Also known as histotechs, work in the pathology lab and are trained in the preparation of tissue samples used to diagnose disease. They help the pathologist to analyze small sections of body tissue that have been removed from a patient. The tissue sample undergoes special preparation before being examined under a microscope to look for evidence of disease, such as cancer. HTLs perform more complex procedures than histologic technicians (HTs; see below) and may supervise their work. They usually have a bachelor degree and have completed an accredited HTL program.

  • Histologic technician (HT)

    Histologic technicians perform routine specimen preparation, a task that usually involves slicing thin pieces of human tissue and mounting them on glass slides for examination under the microscope by the pathologist. Usually, HTs have completed high school and an accredited histology program.

Career Opportunities as a Laboratory Professional

Many laboratories are looking for professionals, ranging from individuals who have a two-year associate's degree to those with advanced degrees and experience. Each laboratory must have on staff a sufficient number of personnel who meet the qualification requirements to perform the functions needed for the volume and complexity of testing performed at that lab. For this reason, the make-up of each lab differs in terms of the number and type of personnel that are on staff. Other people who might work in the laboratory include assistants, students in training, medical residents, pathology residents, and research fellows. However, the people holding the positions described above are the key people who will be handling your sample, performing the tests, and ensuring that the results they provide to your doctor are accurate, reliable, and timely. You may never meet them, but they are a crucial part of the health care team that cares for your health.

The following table summarizes the key positions in the lab, the education required for the position, and the standard responsibilities of the position.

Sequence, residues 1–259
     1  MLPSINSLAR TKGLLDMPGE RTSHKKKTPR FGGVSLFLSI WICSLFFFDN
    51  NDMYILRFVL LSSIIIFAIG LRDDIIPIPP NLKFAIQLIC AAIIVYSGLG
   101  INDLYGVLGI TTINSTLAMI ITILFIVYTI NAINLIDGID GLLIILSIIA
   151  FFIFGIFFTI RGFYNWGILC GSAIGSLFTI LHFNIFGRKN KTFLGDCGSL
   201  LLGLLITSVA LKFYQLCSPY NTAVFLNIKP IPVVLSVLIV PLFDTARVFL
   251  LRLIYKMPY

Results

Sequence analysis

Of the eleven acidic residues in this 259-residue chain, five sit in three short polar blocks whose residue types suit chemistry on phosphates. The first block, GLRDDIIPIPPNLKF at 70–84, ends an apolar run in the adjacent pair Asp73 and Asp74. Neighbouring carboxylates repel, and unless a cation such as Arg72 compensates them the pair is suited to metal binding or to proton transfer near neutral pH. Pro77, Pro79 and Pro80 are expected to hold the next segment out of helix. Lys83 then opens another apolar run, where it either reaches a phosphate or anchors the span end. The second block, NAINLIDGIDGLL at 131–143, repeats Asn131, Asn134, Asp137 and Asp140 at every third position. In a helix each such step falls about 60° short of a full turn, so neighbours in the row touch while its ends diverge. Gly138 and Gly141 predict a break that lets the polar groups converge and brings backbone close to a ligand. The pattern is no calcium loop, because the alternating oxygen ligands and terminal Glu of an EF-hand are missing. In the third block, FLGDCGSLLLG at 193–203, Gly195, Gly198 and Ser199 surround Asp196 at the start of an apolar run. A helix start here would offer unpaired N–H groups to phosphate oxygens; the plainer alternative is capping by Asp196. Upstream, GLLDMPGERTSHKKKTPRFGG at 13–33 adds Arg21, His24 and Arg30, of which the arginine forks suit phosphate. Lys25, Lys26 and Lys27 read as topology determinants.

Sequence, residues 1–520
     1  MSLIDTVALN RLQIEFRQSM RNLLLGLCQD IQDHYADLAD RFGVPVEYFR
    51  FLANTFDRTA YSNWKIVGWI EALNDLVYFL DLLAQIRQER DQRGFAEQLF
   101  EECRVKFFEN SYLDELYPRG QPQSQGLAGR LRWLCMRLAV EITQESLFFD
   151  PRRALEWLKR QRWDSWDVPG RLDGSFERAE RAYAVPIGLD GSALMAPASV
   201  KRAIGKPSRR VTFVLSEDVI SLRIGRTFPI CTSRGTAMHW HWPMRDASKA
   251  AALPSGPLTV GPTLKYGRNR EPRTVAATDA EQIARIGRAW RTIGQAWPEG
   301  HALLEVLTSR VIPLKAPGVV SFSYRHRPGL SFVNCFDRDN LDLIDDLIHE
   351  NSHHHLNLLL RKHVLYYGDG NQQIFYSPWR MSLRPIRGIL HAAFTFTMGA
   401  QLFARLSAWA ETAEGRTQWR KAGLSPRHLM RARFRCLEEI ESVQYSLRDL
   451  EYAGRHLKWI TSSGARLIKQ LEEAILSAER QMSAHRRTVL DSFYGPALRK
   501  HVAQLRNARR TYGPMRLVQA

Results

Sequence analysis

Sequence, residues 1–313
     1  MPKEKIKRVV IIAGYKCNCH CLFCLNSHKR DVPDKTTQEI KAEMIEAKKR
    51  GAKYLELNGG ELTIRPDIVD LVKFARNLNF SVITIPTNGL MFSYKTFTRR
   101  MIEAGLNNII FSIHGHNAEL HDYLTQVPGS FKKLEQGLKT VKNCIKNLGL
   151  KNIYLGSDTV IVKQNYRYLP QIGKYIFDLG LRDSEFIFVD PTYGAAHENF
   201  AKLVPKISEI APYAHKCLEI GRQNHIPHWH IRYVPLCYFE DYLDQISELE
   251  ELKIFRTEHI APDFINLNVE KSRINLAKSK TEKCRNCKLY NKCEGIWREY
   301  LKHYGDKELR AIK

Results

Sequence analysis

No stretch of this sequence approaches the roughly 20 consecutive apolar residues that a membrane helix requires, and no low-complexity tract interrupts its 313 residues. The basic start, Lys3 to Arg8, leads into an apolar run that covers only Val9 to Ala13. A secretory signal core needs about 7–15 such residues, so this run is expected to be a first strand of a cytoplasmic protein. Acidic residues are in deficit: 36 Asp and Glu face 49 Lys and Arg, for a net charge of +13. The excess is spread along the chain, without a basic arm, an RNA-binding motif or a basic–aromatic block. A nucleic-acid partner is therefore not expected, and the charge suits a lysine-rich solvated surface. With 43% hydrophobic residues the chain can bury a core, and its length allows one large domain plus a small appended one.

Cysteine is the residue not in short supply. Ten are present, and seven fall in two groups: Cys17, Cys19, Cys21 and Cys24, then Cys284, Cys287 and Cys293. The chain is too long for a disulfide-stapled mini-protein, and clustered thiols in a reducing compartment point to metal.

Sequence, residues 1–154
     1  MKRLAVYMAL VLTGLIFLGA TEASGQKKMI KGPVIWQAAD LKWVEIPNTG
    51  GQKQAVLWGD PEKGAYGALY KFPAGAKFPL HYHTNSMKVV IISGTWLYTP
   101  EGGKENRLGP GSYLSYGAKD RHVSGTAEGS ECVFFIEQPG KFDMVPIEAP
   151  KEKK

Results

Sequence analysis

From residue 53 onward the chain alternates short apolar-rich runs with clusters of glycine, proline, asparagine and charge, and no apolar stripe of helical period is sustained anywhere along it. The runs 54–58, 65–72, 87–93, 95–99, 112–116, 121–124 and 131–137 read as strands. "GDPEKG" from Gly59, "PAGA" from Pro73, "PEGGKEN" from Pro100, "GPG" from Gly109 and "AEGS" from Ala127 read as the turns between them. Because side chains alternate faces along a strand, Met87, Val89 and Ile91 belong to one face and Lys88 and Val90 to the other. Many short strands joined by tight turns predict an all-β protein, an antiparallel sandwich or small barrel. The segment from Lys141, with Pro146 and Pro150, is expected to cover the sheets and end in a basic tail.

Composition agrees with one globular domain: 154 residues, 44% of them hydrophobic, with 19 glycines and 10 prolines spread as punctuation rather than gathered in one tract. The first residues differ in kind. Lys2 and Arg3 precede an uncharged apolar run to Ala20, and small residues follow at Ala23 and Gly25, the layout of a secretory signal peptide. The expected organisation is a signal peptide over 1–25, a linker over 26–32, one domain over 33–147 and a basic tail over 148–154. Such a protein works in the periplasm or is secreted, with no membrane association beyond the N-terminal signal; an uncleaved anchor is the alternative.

Roles & Responsibilities in the Lab

Position Education & Training Responsibilities
Laboratory Director

Doctoral degree (e.g., MD or PhD); sometimes a medical laboratory scientist

Board certification recommended

Directs and manages all lab operations and ensures quality patient care; Interprets test results, with consulting pathologist
Technical Supervisor Doctoral degree (e.g., MD or PhD); may be Master's or bachelor's degree with experience 

Board certification recommended

May be the same person as the lab director
Provides oversight of technical and scientific functions of the lab
General Supervisor May be the same person as the lab director or technical supervisor

Depending on lab and experience, MLS/MT or MLT may qualify
Provides oversight of day-to-day functions of the lab
Medical Laboratory Scientist (MLS) or Medical Technologist (MT) Bachelor degree in clinical/medical laboratory science or life sciences and completion of accredited MLS/MT program

Licensure/certification may be required by employers
Performs routine tests;develops new test methods under supervision; performs quality control tests; becomes group or team leader; supervises, teaches, delegates
Medical Laboratory Technician (MLT) Associate degree and completion of accredited MLT or certificate program

Licensure/certification may be required by employers
Performs routine tests and quality control tests under supervision on MLS/MT
Specialized Fields
Pathology Assistant Master's degree and board certification Gross examination and dissection of tissue samples sent to anatomic pathology lab; assist with autopsies
Cytogeneticist Doctoral degree (e.g., MD or PhD) and board certification Performs cytogenetic analyses to diagnose chromosomal abnormalities in human genetic diseases
Cytogenetic Technologist Bachelor degree (B.A. or B.S) in the sciences or clinical/medical laboratory science

CG certification recommended
Prepares biological specimens for cell culture and microscopic analyses as part of cytogenetic studies; assists the cytogeneticist